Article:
Day-roosting Social Ecology of the Northern Long-eared Bat (Myotis septentrionalis) and the Endangered Indiana Bat (Myotis sodalis)
MetadataShow full item record
Day-roost use by northern long-eared bat (Myotis septentrionalis) maternity colonies on the Fort Knox military reservation, Kentucky, USA, resulted in formation of non-random networks of roosts that exhibited a trend toward centralization. Centralization of day-roost networks was reflected in the social structure of colonies, which were characterized by dense associations among individuals within colonies. Social structure varied among colonies and appeared to be related to reproductive condition; colonies exhibited greater cohesiveness during parturition and lactation. Northern long-eared bat maternity colonies appeared to be exclusive, occupying distinct roosting areas with one or several areas receiving intense use. Day-roost removal simulations suggested a linear relationship between colony fragmentation and roost loss, and that loss of >20% of roosts is required to initiate colony fragmentation. Experimental hierarchical removal of day-roosts yielded results consistent with simulations, as removal of the single most-central (primary) roost had no impact on colony fragmentation, whereas removal of 24% of less-central (secondary) roosts resulted in partial network fragmentation. Patterns of colony day-roost and space use were similar pre- and post-removal treatments. Day-roost removal did not alter the number of roosts used by individual bats, but distances moved between roosts were greater in the secondary roost-removal treatment group. Day-roost characteristics largely were consistent pre-post treatment for both treatment groups. Historical data from an Indiana bat (Myotis sodalis) maternity colony revealed that this species also exhibits a non-random social assorting dynamic. Non-random social assortment resulted in a closely connected centralized network of day-roosts. Individuals within the Indiana bat maternity colony exhibited close social connections with colony members, but subgroups likely existed within the colony. Indiana bat day-roosting ecology appears flexible, as patterns of roost and space use differed substantially between years. Development of specific, but tactical, management approaches for individual colonies of both northern long-eared and Indiana bats may be possible. Such approaches would allow land managers to manage for both northern long-eared bat habitat and other objectives. However, the nature of targeted management approaches employed likely will depend on the unique forest context and dynamic within which individual colonies reside.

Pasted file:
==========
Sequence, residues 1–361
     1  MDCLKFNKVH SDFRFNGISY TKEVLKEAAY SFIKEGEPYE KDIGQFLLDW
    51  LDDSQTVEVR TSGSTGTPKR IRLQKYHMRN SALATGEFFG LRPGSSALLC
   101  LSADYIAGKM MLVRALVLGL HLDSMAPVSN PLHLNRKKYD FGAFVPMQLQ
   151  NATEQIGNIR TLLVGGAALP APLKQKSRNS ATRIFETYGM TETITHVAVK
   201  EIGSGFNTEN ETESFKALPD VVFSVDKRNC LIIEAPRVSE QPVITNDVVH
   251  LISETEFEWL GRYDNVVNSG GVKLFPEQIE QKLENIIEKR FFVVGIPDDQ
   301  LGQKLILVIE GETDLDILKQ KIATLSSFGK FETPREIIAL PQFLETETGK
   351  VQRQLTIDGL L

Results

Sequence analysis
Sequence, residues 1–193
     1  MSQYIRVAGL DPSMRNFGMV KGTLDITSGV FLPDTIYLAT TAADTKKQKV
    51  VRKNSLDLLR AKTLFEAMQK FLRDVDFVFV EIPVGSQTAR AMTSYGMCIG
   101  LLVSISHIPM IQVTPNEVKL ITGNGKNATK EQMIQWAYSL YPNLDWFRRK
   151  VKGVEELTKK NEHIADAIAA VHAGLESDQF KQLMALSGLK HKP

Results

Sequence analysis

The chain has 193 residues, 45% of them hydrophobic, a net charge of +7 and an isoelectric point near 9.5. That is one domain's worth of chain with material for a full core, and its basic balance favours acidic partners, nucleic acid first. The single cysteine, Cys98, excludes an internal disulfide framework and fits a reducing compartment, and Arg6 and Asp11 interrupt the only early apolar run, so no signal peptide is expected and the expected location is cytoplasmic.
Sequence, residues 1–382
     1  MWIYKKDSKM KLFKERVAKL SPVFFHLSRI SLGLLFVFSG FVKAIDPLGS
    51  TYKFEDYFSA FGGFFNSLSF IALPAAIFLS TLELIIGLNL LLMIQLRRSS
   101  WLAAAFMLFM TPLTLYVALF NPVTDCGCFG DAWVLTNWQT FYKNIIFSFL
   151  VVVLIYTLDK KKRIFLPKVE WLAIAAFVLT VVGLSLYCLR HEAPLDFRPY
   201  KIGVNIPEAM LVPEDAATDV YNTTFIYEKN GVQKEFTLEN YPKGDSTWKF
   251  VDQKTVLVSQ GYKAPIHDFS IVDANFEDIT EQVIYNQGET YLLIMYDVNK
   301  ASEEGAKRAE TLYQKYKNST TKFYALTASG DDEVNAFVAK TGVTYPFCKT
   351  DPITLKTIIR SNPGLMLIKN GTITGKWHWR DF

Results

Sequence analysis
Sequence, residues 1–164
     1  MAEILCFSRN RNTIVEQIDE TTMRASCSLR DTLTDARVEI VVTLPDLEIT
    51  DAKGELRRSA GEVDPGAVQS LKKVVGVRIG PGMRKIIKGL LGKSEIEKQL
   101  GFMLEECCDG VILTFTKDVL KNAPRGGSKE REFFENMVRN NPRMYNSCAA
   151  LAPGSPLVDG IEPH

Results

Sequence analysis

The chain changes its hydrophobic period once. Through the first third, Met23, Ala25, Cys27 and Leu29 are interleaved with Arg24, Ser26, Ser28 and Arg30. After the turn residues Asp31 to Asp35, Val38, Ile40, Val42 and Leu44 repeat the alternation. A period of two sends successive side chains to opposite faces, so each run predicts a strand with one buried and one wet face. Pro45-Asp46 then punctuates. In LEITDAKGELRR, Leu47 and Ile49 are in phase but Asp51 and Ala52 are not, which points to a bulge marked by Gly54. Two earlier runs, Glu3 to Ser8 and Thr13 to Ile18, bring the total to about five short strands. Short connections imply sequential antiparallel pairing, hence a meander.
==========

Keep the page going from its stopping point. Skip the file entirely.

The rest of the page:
- Doctoral Dissertations